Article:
Pitfalls for bilingual families and how to avoid them

If you are like most bilingual parents, you have set out on this journey and are hoping to avoid the most common pitfalls for bilingual families!
On this consulting call, I chat with Laura & Abner Solano about their language journey.  We discuss some of my favorite podcasts, some ideas for learning targets for bilingual kids and how to avoid the most common pitfalls for bilingual families.
The Question
What  are some  of your favorite podcasts to listen to that inspire you? Not necessarily about bilingual parenting…. do  you listen to any in Spanish? or about education?
The answer
 I do love podcasts! Surprise, surprise, right? In fact, I actually listen to podcasts far more than I listen to the radio.

Educational Podcast

My favorite educational podcast is the Read Aloud Revival. It is full of wonderful conversations with children’s authors and around making connections with your kids through healthy read aloud habits.

Fun Podcast

Personally, I have found myself becoming a big fan of storytelling podcasts and so I really enjoy shows by the podcast producing company called Gimlet Media. Each podcast episode is highly produced and they are a really fun listen. They currently have a long line of shows including Startup, Heavyweight, Reply All, Science Versus, Homecoming, Crime Town and several others.

Tech Podcast

Last but most certainly not least, I really enjoy the Membership Guys Podcast. I am always looking for tips and inspiration on how to make the Bilingual Avenue Members’ Club better and this podcast is all about it. It is targeted for membership site owners and so it is particularly helpful with the techy side of running a membership.

The Question
I love the speech milestone chart that you’ve shared with us before. Are there other targets by age that we should be shooting for with our kids academically after first grade?
How can we keep them challenged  and continue working on their Spanish outside school hours?
The answer
We spend a lot focusing on language with our little ones because so much happens with their speech in those early years.  In fact, if you want some general guidelines on what to expect in regards to speech and language from birth to five, you can get your hands on a free milestones checklist here that is super handy for bilingual families.
Yet we also need to focus on those later years as we add more depth to their vocabulary.
On the podcast we cover what you can expect for children ages 5-7, 7-9, and beyond.  Make sure to listen in to get the breakdown.
I also shared a tool with Abner & Laura that can also be helpful for your family.  In the United States, we use the Common Core Standards in most states.  They are an academic standards in mathematics and English language arts/literacy.  These are available for children in K-12.
These standards can serve as a guide as to what to expect kids to achieve by the end of each school year.  Do keep in mind that these are just a guideline so do not fret too much if your child is not exactly on track!
The Question
Our  kids are still pretty young, but we want to be intentional about their bilingual progress. During your research/interviews with parents with older children, what are some pitfalls that families fall into at different ages? What can we  do now to prepare to avoid them?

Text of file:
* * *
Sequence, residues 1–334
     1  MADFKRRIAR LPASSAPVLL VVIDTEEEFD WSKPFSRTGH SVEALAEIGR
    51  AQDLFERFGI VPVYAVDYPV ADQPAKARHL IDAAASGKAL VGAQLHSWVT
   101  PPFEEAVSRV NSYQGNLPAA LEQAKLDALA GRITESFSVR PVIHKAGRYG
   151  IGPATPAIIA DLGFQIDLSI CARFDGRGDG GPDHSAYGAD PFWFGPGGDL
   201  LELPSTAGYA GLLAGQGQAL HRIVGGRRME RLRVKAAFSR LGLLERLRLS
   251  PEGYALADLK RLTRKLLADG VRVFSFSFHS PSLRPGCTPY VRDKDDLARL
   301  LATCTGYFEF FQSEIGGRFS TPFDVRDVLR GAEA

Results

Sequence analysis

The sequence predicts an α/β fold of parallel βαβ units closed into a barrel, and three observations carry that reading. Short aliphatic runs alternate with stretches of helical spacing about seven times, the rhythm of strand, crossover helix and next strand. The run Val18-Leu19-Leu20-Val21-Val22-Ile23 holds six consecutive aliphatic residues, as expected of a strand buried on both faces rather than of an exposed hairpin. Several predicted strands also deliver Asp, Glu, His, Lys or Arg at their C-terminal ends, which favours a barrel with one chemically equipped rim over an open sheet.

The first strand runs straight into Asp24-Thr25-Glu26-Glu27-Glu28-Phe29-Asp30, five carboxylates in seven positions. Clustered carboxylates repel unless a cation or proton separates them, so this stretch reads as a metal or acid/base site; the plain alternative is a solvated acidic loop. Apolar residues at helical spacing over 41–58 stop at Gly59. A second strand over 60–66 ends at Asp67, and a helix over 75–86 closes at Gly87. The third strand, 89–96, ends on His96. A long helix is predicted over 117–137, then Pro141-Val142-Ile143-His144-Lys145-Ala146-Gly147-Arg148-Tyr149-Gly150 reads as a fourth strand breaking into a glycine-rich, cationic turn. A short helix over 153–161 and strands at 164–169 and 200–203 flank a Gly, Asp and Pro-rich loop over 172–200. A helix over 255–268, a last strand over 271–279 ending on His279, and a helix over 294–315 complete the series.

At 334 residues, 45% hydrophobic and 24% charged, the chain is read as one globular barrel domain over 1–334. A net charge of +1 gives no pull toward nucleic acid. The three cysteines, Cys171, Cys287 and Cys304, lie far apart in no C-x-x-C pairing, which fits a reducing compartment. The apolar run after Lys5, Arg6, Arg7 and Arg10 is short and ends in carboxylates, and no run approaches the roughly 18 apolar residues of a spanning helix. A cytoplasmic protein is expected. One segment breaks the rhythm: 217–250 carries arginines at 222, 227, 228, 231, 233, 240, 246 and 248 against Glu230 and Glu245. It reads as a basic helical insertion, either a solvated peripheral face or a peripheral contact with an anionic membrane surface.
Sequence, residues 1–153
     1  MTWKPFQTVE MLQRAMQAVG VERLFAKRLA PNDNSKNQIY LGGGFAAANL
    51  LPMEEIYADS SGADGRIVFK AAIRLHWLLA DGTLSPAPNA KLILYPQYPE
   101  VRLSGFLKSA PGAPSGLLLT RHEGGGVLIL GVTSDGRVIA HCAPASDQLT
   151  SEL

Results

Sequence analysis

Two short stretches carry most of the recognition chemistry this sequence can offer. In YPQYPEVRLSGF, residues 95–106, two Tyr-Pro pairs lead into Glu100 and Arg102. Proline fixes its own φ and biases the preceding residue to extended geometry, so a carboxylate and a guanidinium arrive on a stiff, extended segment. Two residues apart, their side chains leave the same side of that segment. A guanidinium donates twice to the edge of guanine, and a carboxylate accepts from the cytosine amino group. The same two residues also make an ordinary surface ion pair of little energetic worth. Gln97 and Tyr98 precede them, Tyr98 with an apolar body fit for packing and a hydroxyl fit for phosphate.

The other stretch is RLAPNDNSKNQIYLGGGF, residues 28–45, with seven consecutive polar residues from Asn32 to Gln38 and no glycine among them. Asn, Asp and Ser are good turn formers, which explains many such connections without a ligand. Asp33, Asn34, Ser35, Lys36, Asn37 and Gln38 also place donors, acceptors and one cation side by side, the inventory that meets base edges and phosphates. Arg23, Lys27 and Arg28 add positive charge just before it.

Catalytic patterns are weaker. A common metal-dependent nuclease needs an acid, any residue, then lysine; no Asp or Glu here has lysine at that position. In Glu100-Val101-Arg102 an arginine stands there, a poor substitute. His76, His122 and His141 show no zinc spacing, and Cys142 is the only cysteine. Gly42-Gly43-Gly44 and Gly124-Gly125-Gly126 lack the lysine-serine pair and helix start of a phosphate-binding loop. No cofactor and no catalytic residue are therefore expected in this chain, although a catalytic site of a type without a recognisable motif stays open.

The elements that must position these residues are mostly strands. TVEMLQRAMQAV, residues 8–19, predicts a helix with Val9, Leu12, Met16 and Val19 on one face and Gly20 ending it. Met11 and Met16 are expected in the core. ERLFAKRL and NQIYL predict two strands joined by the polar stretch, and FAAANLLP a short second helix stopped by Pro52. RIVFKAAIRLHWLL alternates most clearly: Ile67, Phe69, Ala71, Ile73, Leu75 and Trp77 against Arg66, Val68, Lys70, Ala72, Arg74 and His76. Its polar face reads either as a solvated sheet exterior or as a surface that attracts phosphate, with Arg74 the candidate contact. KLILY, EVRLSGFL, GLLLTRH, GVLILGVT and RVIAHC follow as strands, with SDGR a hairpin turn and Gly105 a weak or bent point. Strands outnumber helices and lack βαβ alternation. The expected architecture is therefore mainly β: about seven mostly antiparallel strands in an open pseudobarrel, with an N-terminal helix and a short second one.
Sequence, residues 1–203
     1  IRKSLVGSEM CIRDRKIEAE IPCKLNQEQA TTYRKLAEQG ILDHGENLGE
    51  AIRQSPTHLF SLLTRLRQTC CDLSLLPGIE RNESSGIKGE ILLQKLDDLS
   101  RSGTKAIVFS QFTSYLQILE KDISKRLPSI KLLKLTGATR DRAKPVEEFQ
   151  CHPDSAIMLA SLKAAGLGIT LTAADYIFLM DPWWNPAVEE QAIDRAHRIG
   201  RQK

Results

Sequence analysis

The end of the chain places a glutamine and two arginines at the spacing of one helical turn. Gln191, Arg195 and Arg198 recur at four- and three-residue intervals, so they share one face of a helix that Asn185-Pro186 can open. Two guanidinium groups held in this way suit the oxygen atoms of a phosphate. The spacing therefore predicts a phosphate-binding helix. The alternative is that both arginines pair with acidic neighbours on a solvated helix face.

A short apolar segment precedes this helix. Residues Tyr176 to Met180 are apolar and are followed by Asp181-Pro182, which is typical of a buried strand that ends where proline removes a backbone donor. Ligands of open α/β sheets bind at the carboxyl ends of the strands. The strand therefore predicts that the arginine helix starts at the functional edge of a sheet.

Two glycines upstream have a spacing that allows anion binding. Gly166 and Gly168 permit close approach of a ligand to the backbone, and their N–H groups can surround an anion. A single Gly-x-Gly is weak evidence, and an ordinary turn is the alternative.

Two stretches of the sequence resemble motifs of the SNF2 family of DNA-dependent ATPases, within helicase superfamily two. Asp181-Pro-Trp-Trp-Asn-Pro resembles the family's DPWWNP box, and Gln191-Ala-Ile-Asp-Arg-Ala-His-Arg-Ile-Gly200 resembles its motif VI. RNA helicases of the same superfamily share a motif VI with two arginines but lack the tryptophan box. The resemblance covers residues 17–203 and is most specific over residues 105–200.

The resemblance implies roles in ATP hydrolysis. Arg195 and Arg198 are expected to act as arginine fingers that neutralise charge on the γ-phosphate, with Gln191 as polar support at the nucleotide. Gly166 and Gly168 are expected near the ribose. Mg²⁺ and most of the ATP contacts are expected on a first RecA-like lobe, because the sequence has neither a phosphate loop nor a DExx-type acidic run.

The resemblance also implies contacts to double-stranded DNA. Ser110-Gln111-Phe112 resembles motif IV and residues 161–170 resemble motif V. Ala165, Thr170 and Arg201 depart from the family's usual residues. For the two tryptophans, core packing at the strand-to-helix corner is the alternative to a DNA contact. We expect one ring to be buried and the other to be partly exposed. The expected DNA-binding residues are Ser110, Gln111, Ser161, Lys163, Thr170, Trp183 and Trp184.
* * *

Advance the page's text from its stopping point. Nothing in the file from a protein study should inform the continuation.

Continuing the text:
The answer
There are several pitfalls for bilingual families that can be particularly tricky.  Most of these can be overcome as long as there is a good plan in place and we as parents take action.
In my time working in this space, these are the top three pitfalls for bilingual families that I see come up time and time again!

Exposure & Need

Exposure and need are critical for bilingual families.  We must keep up with our children’s growing vocabulary needs.  It is important that we continue to expose them to the target language so that they can acquire the language and ultimately use it.

We also have to create a need for them to use the language.  Expectations have to be set and we as parents have to follow through with these expectations.  Creating a need is the most difficult of the two but is just as important as exposure.


The issue of homework tends to trip up most bilingual families.  Many are conflicted on what language to use when talking, helping and assisting with school assignments.  Should they stick to the target language?  Should the use the language of the school?  Each choice has pros and cons.  My recommendation for parents is to develop a plan and implement it.  You can still make tweaks based on how everyone is reacting but make sure to plan ahead so it does not catch you off guard.

How about you?  I would love to know if you have also come across these or other pitfalls for bilingual families!


Most bilingual families will often say that they have an easier time getting their hands on resources geared towards little ones that are fun and engaging.

However, as their kids get older it becomes more difficult to find tools that are also suitable for older children.  My advice is to plan ahead and be on the lookout for things that will appeal to your child’s interest.


Laura & Abner hopped on the Autobahn and answered a few questions to help other families on their language journey:

What is your favorite resource for supplementing Spanish in your home?

Raz-kids.com – an award-winning teaching product that provides comprehensive leveled reading resources for students.

What is the best advice you have received as a bilingual parent?

To listen to the Bilingual Avenue podcast! : )

What is one children’s book in Spanish that you recommend to other parents?

El Loro Tico Tango by Anna Witte

Vamos a cazar un oso by Micheal Rosen & Helen Oxenbury


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